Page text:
This is a dramatic advance, as the automotive industry has been used to creating dedicated chips and software separately for each component in a vehicle, and now it needs to reverse its thinking and build an intelligent architecture that will swiftly orchestrate entire sets of interconnected car components. The digital infrastructure of software-defined vehicles will be hosted on a few powerful chips that will control entire zones of the vehicle. This will reduce the density of in-vehicle connections, the amount of hardware, and the overall cost, while processing broader and more complex flows of data. This in-vehicle digital infrastructure will allow users to buy and manage, over the air, subscriptions for differentiating features. It will also allow car manufacturers to aggregate data and sell digital services to other companies. Such in-vehicle digital infrastructures will comprise millions of lines of code and AI models, and most of it will consist of non-differentiated software. Thus, instead of multiplying proprietary solutions, the Eclipse Foundation working group aims at creating both open-source software for software-defined vehicles and the associated development tools to implement and expand in-vehicle digital infrastructure. The competitive stakes are high. Car manufacturers cannot afford to do this alone, and nor can they afford to depend on proprietary solutions for this digital infrastructure. Hence the choice of an open-source platform that provides car manufacturers with both cost benefits and freedom to innovate. As of today, the Eclipse Foundation working group has presented an overall template for the in-vehicle digital infrastructure, and seven software projects have been initiated. Participants in this working group are also learning how to operate with open-source principles of openness, transparency, and vendor neutrality. The working group is in its early stages, and it still needs to reach a critical mass of active participants to become a success. While automotive companies now recognise the imperatives of such large-scale collaboration, achieving it nevertheless requires a major culture change in an industry where all the players are used to operating their own proprietary systems.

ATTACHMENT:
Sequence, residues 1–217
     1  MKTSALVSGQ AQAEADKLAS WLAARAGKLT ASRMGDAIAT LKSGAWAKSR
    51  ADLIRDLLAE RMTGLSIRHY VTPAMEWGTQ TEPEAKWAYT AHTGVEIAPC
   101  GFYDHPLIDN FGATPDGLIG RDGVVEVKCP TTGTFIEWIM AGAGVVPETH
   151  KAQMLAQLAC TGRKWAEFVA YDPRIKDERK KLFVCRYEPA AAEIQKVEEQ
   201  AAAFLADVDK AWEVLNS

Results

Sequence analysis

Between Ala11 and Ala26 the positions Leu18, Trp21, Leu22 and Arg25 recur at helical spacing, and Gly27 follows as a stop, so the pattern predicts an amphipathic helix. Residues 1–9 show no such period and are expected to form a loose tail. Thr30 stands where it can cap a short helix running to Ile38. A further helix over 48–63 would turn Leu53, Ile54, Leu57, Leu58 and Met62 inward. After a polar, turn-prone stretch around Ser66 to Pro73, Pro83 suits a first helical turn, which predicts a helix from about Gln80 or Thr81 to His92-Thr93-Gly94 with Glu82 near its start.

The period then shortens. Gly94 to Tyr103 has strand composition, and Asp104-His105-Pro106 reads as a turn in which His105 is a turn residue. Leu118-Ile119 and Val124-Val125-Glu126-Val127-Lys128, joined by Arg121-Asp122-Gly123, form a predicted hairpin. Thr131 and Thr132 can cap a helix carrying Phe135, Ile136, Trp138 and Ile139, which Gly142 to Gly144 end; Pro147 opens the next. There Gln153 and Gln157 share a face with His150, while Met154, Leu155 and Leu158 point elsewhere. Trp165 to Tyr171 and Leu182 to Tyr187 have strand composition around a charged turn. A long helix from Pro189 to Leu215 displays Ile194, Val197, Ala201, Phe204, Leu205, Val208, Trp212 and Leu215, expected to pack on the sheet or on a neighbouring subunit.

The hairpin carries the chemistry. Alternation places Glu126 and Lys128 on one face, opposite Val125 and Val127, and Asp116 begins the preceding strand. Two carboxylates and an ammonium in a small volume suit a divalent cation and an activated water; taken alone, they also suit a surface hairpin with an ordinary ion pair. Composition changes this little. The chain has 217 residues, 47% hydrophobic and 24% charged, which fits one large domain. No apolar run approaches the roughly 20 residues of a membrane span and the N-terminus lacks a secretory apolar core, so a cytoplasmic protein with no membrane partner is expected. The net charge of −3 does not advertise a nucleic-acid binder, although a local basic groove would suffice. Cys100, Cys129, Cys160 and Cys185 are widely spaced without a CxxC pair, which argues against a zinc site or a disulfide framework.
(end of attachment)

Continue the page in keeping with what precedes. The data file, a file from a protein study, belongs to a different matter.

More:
regulation ahead

Monetising connected car data: regulation ahead

To provide a complete overview of data sharing and data monetisation stakes in the automotive industry, we now briefly describe how software-defined vehicles will power a large amount of data flow. Beyond selling subscriptions, in-car advertising, and features as a service to vehicle drivers, car manufacturers are also planning to monetise data to build, for instance, aftersales, insurance, fleet management, and road management applications. By 2030, Stellantis plans to generate €20 billion every year from data, software, and subscriptions. If car manufacturers are best placed to use the data generated, they have already committed to share a basic volume of data with diverse industry players. However, these car manufacturers are perceived by some other industry players and by user associations as holding an unfair advantage. So forthcoming regulations could oblige car manufacturers to go beyond their current plans and force them to share more data with other companies in the future. This will be the result of intense lobbying activities. So, while car manufacturers ask other industry players to share data, they are also aiming at keeping control, as much as they can, over the data they can access in cars. This could have an impact on the willingness of everyone across the industry to play the data-sharing game.